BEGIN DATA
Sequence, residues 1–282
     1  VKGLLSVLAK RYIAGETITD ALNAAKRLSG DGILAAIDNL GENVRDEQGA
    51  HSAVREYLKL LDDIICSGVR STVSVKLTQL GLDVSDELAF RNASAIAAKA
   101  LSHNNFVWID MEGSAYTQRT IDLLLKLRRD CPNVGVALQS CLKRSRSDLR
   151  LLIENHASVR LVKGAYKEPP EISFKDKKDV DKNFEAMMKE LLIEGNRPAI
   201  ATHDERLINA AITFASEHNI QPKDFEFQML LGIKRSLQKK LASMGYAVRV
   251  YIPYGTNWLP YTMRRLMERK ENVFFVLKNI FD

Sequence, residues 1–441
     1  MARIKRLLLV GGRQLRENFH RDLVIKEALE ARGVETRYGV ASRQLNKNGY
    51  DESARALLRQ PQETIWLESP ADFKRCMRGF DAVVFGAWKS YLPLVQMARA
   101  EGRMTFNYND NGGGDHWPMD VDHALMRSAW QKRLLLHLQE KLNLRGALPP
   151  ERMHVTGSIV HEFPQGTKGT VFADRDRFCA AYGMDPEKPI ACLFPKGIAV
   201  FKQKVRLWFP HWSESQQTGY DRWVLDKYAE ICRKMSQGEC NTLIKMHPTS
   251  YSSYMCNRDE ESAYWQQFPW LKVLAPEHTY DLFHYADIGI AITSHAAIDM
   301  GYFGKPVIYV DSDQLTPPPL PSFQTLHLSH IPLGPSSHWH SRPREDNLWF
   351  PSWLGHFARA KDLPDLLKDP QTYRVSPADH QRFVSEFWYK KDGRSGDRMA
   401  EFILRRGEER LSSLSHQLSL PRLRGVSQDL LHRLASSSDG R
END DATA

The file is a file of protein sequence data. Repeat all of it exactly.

Sequence, residues 1–282
     1  VKGLLSVLAK RYIAGETITD ALNAAKRLSG DGILAAIDNL GENVRDEQGA
    51  HSAVREYLKL LDDIICSGVR STVSVKLTQL GLDVSDELAF RNASAIAAKA
   101  LSHNNFVWID MEGSAYTQRT IDLLLKLRRD CPNVGVALQS CLKRSRSDLR
   151  LLIENHASVR LVKGAYKEPP EISFKDKKDV DKNFEAMMKE LLIEGNRPAI
   201  ATHDERLINA AITFASEHNI QPKDFEFQML LGIKRSLQKK LASMGYAVRV
   251  YIPYGTNWLP YTMRRLMERK ENVFFVLKNI FD

Sequence, residues 1–441
     1  MARIKRLLLV GGRQLRENFH RDLVIKEALE ARGVETRYGV ASRQLNKNGY
    51  DESARALLRQ PQETIWLESP ADFKRCMRGF DAVVFGAWKS YLPLVQMARA
   101  EGRMTFNYND NGGGDHWPMD VDHALMRSAW QKRLLLHLQE KLNLRGALPP
   151  ERMHVTGSIV HEFPQGTKGT VFADRDRFCA AYGMDPEKPI ACLFPKGIAV
   201  FKQKVRLWFP HWSESQQTGY DRWVLDKYAE ICRKMSQGEC NTLIKMHPTS
   251  YSSYMCNRDE ESAYWQQFPW LKVLAPEHTY DLFHYADIGI AITSHAAIDM
   301  GYFGKPVIYV DSDQLTPPPL PSFQTLHLSH IPLGPSSHWH SRPREDNLWF
   351  PSWLGHFARA KDLPDLLKDP QTYRVSPADH QRFVSEFWYK KDGRSGDRMA
   401  EFILRRGEER LSSLSHQLSL PRLRGVSQDL LHRLASSSDG R